Despite Brexit Ultimatums, U.K. and EU Lurch Toward a Deal

(Bloomberg) - Just as the UK's trade negotiations with the European Union look like they're going off a cliff, there is reason to believe that things may not be as bleak as they seem.
On the surface, the brinkmanship is clear: On Tuesday, the EU Boris Johnson dared to withdraw from the talks by October 15 if he thought a deal was impossible. As early as the very next day, the Johnson administration announced that it intended to do just that if it reached the conclusion.
Weeks followed in which testimony on both sides barely exceeded the need to keep trying, as the gap between them remains large. On Wednesday, EU Council President Charles Michel called on the United Kingdom to "put its cards on the table".
In private, however, officials are more optimistic. While politics is inevitable - and potentially final - seasoned negotiators know that sometimes the worst moments come right before a deal is reached.
They remember Johnson's phone call to Chancellor Angela Merkel in October 2019, which prompted a British government insider to point out that due to their intransigence, an agreement to leave the EU was virtually impossible. One was made nine days later.
The two sides are now trying to reach an agreement not only on their future trade relationship, but also on a number of issues, from law enforcement cooperation to transport. If no agreement is reached at the time of Britain's exit from the EU internal market and the customs union on December 31, companies at the border will have to grapple with tariffs, costs and disruptions.
"The coming days are crucial," Michel said at a press conference in Dublin on Thursday. "This is the moment of truth."
Johnson has said he will pull the plug if he doesn't see a deal coming up by Oct.15 so companies have time to prepare.
The EU, whose heads of state and government will be discussing Brexit at a summit on the same day, does not recognize this deadline and plans to continue talking for as long as possible.
Brussels officials, aware of the negotiations, propose to work out a detailed choreography in which, despite some remaining differences, both sides will find a way to continue the discussions into the second half of October.
The summit will simply be an inventory that will not stand in the way of negotiations.
"Excellent accessibility"
EU negotiator Michel Barnier told a meeting of European ambassadors on Wednesday that he did not expect the UK to leave on October 15, according to officials present.
Meanwhile, his UK counterpart, David Frost, told a parliamentary committee that the negotiations were constructive, even though "there are some really difficult things in them that have not yet been resolved".
"I think a deal is extremely achievable and could be achieved - but it is also possible that we won't get there and we have to see what the next few weeks bring," said Frost at a hearing alongside Cabinet Secretary Michael Gove.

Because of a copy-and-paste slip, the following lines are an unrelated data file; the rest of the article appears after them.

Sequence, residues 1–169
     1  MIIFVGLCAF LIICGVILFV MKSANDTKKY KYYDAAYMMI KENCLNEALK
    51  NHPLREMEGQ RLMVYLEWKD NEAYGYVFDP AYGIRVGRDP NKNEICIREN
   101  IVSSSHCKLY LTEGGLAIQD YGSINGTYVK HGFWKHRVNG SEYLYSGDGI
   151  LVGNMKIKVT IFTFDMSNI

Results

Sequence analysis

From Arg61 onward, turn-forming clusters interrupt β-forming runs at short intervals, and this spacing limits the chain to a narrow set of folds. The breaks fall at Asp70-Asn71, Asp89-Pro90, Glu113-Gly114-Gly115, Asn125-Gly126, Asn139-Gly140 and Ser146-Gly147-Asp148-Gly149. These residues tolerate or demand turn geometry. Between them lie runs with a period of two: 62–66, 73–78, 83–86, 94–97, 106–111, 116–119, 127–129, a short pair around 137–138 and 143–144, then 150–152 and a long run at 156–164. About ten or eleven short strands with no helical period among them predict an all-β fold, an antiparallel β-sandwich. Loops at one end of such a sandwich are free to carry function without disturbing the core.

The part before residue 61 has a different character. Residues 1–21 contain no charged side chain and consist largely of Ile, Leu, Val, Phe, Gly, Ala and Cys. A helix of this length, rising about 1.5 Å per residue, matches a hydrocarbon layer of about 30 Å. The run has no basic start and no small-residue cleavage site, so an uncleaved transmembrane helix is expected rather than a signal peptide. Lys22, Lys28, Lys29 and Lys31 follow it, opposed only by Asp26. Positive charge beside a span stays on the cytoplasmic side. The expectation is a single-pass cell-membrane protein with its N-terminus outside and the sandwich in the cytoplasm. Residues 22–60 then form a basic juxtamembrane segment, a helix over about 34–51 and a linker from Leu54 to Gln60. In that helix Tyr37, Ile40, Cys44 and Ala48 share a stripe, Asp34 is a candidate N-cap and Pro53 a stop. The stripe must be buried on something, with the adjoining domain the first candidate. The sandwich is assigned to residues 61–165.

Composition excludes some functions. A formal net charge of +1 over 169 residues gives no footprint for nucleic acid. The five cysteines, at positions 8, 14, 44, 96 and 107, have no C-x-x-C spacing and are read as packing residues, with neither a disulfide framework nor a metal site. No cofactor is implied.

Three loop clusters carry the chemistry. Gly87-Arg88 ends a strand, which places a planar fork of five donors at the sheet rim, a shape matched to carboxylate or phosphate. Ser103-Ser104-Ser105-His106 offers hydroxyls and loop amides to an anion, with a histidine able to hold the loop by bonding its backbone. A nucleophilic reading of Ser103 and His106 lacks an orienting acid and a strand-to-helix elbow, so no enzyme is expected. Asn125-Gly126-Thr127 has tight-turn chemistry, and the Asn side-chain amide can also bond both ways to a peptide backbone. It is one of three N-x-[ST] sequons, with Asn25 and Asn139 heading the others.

There are also signs that both sides are getting closer to overcoming some of the biggest barriers to an agreement: what rules to limit state aid will have to be followed by the UK and what access EU fishing boats will have to UK waters.
Frost told lawmakers that the UK was ready to discuss terms for business grants that go beyond what "you normally do in a free trade agreement".
And Barnier told the ambassadors meeting that member states should be ready to be more flexible with fish, an official said. France has worked hard to keep the bloc's current access to British waters, which the Johnson administration said is unacceptable. For his part, Frost indicated that the UK could introduce new rules over a period of time.
EU officials are also increasingly confident that Johnson is willing to continue to apply the principles of the European Convention on Human Rights - something the hardliners of his ruling Conservative party previously opposed.
Barnier will arrive in London on Thursday for talks with his British colleagues.
Experienced officials in Brussels note that the mood around a negotiation is good when both sides start speaking the same language. Again, there are signs of progress.
After a phone call with Johnson on Wednesday afternoon, Michel tweeted: "The EU prefers a deal, but not at any price."
Shortly afterwards, Gove was asked for his assessment. "We're obviously very interested in getting a deal," he said, "but we're not going to make a deal at any price."
(Adds Michel comment in the seventh paragraph. An earlier version of this story has been corrected to say that Johnson's phone call was in 2019 instead of 2018.)
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